David Cameron was in electioneering mode last week and, although the next election is nearly two years away, I could see how he might win it. He held a question-and-answer session in the Bentley factory in Crewe. He was there, in a constituency won by the Conservatives in a by-election in 2008, for the announcement by VW, Bentley's owner, of a new model that would create 1,000 jobs. Cars, and especially luxury cars, are a great British success story. The white and pink Bentleys gliding down the spotless production lines are destined for the Gulf, for California and for princelings in China.
Two of the questions from the workers were interesting. Cameron was asked about his "weak" immigration policy by a young man who said: "We're working hard but these people are coming in." It wasn't clear whether he thought immigrants were taking British jobs or claiming British benefits. Either way, Cameron said, "Basically, I agree with you," and explained that the Government had shut down 130 bogus colleges. He said he hoped that, by the election, people would say, "You may not have solved the whole problem, but you have been tougher."
Most of the workforce at Bentley seemed to be British, but that is not the case in other places the Prime Minister has visited. Last year he opened an Amazon fulfilment centre in Hemel Hempstead, where 60 per cent of the workers are from central Europe. The "free movement of workers" throughout the EU, enshrined in the Treaty of Rome and its successor treaties since 1957, has come to seem to most British voters as more of a problem than an opportunity.
Other workers at Crewe see Europe as a source of job security. Another questioner was worried that "policy seems to be withdraw further from EU". That was Cameron's balancing act. The way he dealt with it revealed a little of a big shift that is going on underneath the day-to-day politics of what Lynton Crosby said to him and whose fault it is that patients are backed up in ambulances outside A&E. Cameron replied that, "frankly, consent for the EU is wafer thin", and that was why he wanted a referendum after renegotiating the terms of our membership. He didn't think the promise of a referendum caused uncertainty – the German investment in Crewe was evidence the other way. But he did think, "There is a problem and I'm going to fix it."
Recent conversations with people in No 10 have brought home to me the scale of Cameron's ambition to recast our relationship with the EU. Where British leaders since Ted Heath have seen "free movement of workers" as either desirable or unavoidable, he sees it as a problem he is "going to fix".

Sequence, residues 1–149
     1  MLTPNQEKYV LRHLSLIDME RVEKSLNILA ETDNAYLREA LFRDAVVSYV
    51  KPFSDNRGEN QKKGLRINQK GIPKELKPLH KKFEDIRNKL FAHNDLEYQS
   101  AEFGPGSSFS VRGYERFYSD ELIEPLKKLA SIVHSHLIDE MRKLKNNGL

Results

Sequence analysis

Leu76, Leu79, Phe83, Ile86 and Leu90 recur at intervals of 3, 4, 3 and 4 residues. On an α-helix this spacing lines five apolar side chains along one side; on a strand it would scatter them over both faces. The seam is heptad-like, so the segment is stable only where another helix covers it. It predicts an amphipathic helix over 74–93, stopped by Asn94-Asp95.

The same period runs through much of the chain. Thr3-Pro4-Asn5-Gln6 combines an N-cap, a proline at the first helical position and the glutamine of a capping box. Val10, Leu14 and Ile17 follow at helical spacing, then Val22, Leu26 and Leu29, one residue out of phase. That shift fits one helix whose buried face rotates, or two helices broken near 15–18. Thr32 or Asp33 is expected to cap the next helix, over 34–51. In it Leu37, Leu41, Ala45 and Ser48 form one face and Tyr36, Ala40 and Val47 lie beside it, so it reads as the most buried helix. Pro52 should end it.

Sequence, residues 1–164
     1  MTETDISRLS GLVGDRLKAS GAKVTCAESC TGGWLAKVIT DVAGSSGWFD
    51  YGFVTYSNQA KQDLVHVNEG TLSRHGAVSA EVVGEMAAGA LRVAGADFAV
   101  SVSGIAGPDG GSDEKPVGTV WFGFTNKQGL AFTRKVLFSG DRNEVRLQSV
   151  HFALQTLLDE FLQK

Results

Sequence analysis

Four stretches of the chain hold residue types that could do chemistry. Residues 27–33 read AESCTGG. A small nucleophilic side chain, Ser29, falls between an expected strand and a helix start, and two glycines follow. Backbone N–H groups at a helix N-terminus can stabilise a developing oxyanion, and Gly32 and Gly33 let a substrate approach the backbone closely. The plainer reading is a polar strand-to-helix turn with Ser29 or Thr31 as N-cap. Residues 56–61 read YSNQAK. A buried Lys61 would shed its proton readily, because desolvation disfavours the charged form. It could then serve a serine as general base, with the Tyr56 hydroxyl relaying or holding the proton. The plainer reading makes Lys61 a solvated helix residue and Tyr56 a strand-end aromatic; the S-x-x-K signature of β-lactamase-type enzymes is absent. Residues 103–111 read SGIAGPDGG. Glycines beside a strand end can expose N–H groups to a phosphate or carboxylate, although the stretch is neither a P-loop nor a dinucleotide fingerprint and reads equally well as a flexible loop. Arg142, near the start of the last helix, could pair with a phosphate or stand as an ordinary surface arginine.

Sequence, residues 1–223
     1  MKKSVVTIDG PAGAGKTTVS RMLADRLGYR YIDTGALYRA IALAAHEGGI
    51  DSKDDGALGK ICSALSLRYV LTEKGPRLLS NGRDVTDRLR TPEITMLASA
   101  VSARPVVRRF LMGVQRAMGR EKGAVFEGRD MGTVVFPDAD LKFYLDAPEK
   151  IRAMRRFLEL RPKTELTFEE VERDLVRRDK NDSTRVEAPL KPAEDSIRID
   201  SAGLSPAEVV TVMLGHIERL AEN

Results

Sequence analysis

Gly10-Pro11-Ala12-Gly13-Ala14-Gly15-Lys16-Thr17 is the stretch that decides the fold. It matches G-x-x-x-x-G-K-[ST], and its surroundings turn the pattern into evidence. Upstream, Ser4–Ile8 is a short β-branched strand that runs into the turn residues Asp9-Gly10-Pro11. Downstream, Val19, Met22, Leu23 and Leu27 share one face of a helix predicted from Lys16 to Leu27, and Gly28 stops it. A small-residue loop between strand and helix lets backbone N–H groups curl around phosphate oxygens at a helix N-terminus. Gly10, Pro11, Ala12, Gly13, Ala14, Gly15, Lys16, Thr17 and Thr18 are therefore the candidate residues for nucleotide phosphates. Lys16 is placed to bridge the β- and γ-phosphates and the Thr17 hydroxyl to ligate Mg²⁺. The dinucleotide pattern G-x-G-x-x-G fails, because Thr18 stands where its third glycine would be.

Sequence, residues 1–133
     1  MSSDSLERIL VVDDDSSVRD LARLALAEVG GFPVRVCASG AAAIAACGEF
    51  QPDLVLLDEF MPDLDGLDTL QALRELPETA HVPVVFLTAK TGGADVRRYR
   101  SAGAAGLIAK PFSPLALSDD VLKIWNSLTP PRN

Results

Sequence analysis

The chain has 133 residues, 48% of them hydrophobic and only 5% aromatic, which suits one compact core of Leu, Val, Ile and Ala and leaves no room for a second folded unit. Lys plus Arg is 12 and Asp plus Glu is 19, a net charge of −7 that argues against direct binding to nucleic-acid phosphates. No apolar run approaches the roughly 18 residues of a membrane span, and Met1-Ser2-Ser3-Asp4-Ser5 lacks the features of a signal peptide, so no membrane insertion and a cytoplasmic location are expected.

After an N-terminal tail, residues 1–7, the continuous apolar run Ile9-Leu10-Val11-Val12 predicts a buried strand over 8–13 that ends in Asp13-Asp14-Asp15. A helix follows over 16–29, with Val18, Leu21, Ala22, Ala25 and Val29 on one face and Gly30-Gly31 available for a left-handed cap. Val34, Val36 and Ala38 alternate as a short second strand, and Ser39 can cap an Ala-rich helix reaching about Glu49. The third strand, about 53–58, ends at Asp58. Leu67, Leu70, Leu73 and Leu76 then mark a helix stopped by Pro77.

He accepts the argument that, while places such as Amazon's are employing a minority of British citizens, the chances of getting those citizens off welfare and into work are diminished. And he said, at the Tory party conference last year, that free movement of workers would be included in the Government's review of EU competences, which is being carried out to prepare for renegotiation.
I had assumed that this was mainly for show, but I am told that José Manuel Barroso, the EU Commission President, told Cameron that he accepts that he will be looking at free movement. This goes beyond the current attempt to tighten up the "habitual residence test" before Bulgarian and Romanian workers acquire the right of free movement in January. And it goes beyond last week's call by Matthew Hancock, the junior minister, for companies to employ British workers rather than taking the "easy option" of hiring foreigners.
No 10's confidence has been enhanced by the response of EU leaders to Cameron's speech in January in which he set out his plans for renegotiation and referendum. Angela Merkel of Germany, Enrico Letta of Italy, Fredrik Reinfeldt of Sweden and even "to an extent" François Hollande of France are all said to be receptive to renegotiation (although No 10 defines this as not telling Cameron to get lost). It is true that no one has objected to Cameron's boldest proposal in that speech, a treaty amendment to exclude Britain from the objective of "an ever closer union among the peoples of Europe", which, like free movement of workers, has been in the sacred texts since 1957. Indeed, the Dutch government said last month that it too thought that the time of "ever closer union" in all areas was "behind us".
How Cameron is going to achieve such big changes I don't know. Rewriting treaties is a perilous business, the work of several years, in which each of 28 countries has a veto. But he thinks he can do it. He has told ministers that he is not Harold Wilson and, referring to Wilson and James Callaghan's cosmetic renegotiation before the 1975 referendum: "We can do better than that."
Somewhat to my surprise, David Cameron seems to be attempting the impossible and I find myself willing him to succeed.
Equally, the steady focus on people who work hard and want to get on, however irritating the phrase, seems a sound basis on which to fight the election. Ed Miliband ought to be much more worried than he seems.